Galilee Garner never felt her first name fit her quite right, so from early on, she opted to go by Gal. As a child, Gal’s life was forever changed when she lost a kidney due to an illness that went undiagnosed too long, and through one transplant, her health issues have dominated her life. Now at thirty-six, Gal receives dialysis every other night, and her days are spent balancing an established teaching career and indulging in her one great passion- growing and breeding roses. Margaret Dilloway’s The Care and Handling of Roses With Thorns presents Gal with another life-changing experience, one that she never expected.
Gal’s life is spare, and purposefully so. Living a life of uncertainty as Gal has done for so many years, has left her resistant to connecting with others. She certainly doesn’t reach out in the name of romance to anyone, and she really can call only one person a friend, a teaching colleague, who often assists Gal when needed for rides to dialysis or assistance in her more pressing times of troubles with her illness. But mostly, Gal gets up, teaching biology at a private high school, and comes home to care for her precious roses. Gal sees the world in a fairly stark black-and-white manner, and within her routine, she isn’t pushed to break out of this viewpoint.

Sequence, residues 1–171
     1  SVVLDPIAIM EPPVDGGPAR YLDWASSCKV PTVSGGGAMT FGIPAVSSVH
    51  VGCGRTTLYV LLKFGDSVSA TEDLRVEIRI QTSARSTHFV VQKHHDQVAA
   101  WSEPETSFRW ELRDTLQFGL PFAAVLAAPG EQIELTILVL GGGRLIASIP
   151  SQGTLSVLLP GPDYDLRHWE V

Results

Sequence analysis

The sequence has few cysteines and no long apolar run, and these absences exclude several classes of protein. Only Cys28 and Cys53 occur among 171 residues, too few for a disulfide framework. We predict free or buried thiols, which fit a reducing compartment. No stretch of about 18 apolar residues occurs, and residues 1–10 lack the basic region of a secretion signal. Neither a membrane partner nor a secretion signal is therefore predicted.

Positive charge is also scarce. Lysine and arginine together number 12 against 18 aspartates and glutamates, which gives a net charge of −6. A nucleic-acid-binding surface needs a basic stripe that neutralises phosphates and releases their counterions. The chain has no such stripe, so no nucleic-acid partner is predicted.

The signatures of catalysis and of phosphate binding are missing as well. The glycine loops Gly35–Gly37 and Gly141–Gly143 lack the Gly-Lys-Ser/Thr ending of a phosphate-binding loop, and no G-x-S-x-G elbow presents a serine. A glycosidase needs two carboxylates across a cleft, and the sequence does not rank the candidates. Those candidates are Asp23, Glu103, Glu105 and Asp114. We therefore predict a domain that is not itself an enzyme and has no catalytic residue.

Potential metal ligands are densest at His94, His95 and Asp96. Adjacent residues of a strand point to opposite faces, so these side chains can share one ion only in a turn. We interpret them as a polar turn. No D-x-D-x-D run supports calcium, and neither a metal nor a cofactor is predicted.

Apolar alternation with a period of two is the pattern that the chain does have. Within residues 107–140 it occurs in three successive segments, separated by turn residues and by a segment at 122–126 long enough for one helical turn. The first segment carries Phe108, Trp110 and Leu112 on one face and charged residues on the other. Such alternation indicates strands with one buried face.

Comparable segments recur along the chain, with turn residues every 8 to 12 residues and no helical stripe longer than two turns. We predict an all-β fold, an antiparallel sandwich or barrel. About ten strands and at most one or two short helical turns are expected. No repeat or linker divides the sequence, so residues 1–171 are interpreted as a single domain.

Change comes in the form of her teenaged niece, the daughter of Gal’s sister Becky, who abruptly leaves the country and sends her daughter Riley to live with Gal unannounced. Gal has become accustomed to a solitary life, and it is challenging for her to adjust to living with someone who needs her to act in a caregiver role with which she has no experience. But Gal eventually learns what it feels like to develop a relationship of give and take with another, in a way that benefits both her and her niece Riley.
I found the cover image to be somewhat misleading for this novel, for it makes it look much more frilly than it actually is. In fact, I think Gal herself would scoff at the cover image, given that she is gruff and curt and wouldn’t be caught dead in a lacy dress with a wide-brimmed fancy hat! From the beginning, Gal is not particularly likable, though she begins to soften over time as the story progresses, and as the title indicates, The Care and Handling of Roses With Thorns is a tricky endeavor, for sure, but one with remarkable rewards in the end.